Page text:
Journal Metro is looking ahead in 2014 and calling out the largest news stories pay attention to. These guys know their stuff, and their many predictions will definitely be major news stories throughout 2014. For your ease in reading, here are is the condensed version of what Metro believes will be the biggest breaking news in 2014.
Environment: The National Energy Board will decide if the Enbridge oil pipeline 9b (which already caused controversy) initiative will remain on course or be reversed; initiatives to improve composting and protecting trees in the city will be reassessed
Transportation: New subway cars will be introduced and installed; real-time info on STM buses and more Métrovision screens in stations; improvements on mobile network access in the Orange and Green lines, read all the updates here.
Law: The second trial of Guy Turcotte will begin (read the full story here); largest class action in history against Canada's tobacco companies will conclude in the spring
Architecture: The fate of Montreal's heritage buildings (Royal Vic, Hotel-Dieu) will be decided; reflections on the city's urban eyesores and the revitalization of square Saint Laurent
Culture: The fallout out the purchase on the Spectra media group and how it will effect Montreal's biggest festivals; issue of urban spaces for artists being changed into condominiums
City: Coderre will introduce a new Inspector General of the City; the city's budget will be reassessed with promise of taxes not being raised
Be sure to follow these stories as the year unfolds and keep up to date on everything Montreal.
Think another news story should be on this list? Got a prediction on one already listed? Tell us so in the comments below!
Women will lead five of Quebec's eight largest cities following the 2021 municipal elections.
The biggest headline of the night may have been Valérie Plante's triumph over old foe Denis Coderre in Montreal, but across the province, the faces of municipal politics have become more gender-balanced.
According to the latest counts and projections, France Bélisle (Gatineau), Catherine Fournier (Longueuil), Évelyne Beaudin (Sherbrooke) and Julie Dufour (Saguenay) are all also on their way to their respective (and figurative) city hall corner offices.
In Quebec City, it seemed for a while like Marie-Josée Savard would join them. Multiple outlets had even called the election for her until the vote count for her opponent surged into the evening. Bruno Marchand ultimately claimed victory.
Mayor Plante commented on the historic nature of her second mandate in her victory speech Sunday night.
"Four years ago, Montrealers elected the first woman mayor in the history of the City of Montreal," she said.
"Tonight, they told us again, 'yes, this mayor, we're going to continue to work with her, we trust her!'"
This year, for the first time, Montrealers will have two women leading the city, as Projet Montréal's Dominique Ollivier is set to take over as president of the Executive Committee.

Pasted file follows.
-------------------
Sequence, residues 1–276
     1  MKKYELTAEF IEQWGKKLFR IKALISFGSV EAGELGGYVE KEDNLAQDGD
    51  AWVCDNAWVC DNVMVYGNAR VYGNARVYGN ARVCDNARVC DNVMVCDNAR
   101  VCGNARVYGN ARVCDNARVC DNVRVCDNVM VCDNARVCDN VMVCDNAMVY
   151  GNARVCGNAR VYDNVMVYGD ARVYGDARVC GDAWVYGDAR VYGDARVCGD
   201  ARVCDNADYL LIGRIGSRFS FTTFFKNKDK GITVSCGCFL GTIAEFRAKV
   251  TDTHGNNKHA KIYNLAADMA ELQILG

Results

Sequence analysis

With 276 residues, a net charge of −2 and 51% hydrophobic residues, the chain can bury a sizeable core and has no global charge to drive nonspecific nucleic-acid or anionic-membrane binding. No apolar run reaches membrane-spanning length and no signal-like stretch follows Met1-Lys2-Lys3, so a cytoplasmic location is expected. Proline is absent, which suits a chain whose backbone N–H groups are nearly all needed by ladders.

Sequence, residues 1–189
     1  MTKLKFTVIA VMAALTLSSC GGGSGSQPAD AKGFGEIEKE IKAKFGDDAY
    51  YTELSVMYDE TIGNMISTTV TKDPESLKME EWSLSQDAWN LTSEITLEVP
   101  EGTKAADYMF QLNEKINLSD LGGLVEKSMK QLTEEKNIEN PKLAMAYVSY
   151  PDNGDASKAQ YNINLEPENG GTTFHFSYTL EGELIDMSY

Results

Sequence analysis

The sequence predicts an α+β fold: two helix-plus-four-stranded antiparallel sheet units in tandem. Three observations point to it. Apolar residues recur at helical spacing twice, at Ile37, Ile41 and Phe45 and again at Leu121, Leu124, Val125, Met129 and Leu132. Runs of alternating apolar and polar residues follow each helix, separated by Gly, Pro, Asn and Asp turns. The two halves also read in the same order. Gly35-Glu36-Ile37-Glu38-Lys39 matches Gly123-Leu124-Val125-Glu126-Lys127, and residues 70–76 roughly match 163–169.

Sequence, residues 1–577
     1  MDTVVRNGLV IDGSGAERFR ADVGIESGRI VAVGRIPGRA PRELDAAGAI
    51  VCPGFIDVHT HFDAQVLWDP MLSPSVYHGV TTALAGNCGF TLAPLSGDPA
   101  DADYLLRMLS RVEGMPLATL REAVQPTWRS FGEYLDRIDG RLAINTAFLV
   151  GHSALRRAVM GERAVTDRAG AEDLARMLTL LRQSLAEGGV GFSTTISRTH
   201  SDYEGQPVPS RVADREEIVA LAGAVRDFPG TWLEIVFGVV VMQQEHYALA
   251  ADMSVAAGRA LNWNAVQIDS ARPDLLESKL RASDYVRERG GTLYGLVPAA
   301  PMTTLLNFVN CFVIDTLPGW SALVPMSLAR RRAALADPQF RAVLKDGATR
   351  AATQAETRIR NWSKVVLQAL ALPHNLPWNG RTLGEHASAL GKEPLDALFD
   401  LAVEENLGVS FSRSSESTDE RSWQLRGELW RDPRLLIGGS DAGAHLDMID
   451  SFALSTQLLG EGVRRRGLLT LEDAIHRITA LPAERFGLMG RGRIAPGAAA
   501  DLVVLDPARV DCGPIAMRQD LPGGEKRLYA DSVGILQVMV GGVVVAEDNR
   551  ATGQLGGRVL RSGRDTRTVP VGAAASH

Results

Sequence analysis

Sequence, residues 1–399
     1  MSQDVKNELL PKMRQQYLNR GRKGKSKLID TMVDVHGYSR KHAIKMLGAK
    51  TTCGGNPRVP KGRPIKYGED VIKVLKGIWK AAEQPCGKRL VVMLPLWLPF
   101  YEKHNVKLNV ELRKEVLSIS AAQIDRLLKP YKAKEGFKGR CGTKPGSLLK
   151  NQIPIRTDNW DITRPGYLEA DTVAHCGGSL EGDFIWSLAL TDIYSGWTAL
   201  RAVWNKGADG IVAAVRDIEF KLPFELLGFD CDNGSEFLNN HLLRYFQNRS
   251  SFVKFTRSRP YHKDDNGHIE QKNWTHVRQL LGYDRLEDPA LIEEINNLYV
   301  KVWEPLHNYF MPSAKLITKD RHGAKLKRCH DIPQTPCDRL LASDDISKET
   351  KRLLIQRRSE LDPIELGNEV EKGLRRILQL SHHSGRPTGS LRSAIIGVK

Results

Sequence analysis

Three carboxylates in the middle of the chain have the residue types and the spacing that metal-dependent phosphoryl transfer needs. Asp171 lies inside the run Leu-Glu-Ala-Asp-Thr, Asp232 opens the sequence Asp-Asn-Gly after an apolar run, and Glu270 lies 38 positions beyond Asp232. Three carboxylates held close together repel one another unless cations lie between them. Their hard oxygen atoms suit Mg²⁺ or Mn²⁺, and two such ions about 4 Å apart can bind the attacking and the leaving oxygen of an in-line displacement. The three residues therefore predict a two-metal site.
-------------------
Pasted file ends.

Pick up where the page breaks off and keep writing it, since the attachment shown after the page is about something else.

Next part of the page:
The government is in the process of filling a Service Canada job bank and it's advertising salaries of between $61,152 and $65,887.
On an online recruitment page, the Employment and Social Development Canada (ESDC) office says it needs to fill 45 benefits officer and program officer positions in Quebec and encourages qualified individuals to apply.
The only education requirement is a high school diploma.
While benefits officers review and process employment insurance applications, the government describes a wide range of duties for program officers, including coordination with local stakeholders regarding services from the ESDC.
Service Canada says it has EI processing centres and "program branches" in Montreal, Laval, Boucherville, Drummondville, Thetford Mines, Shawinigan, Quebec City and Saguenay, but that it may assign alternative workplaces to applicants who don't live in these areas.
In addition to a high school diploma, Service Canada is looking for applicants who have experience totalling six months "in delivering services or programs to the general public" or "interpreting and applying legislation or policies."
The language requirement is either French-only or French and English, depending on the position, according to the recruitment page.
Complete details about the positions available and the application process are online.
To the surprise of many, Quebec City also made the Top 10 — and it ranked higher than Montreal, with Quebec City at #4 and Montreal at #6.
This ranking looked at the cost of living, internet speeds, the percentage of young people, levels of safety, and more.
Our province may have been blessed enough to score two top spots in this ranking, but we still didn't make it to #1, which was Tokyo, Japan.
If ever you were thinking of going to study abroad, you may want to put Tokyo high on your list, considering it "ranks well in nearly all categories helping it to come out on top of the study. It has a good amount of high-ranking unis, great food options, and offers cheap tech. It has high levels of free speech and is above average for safety and high-ranking institutions."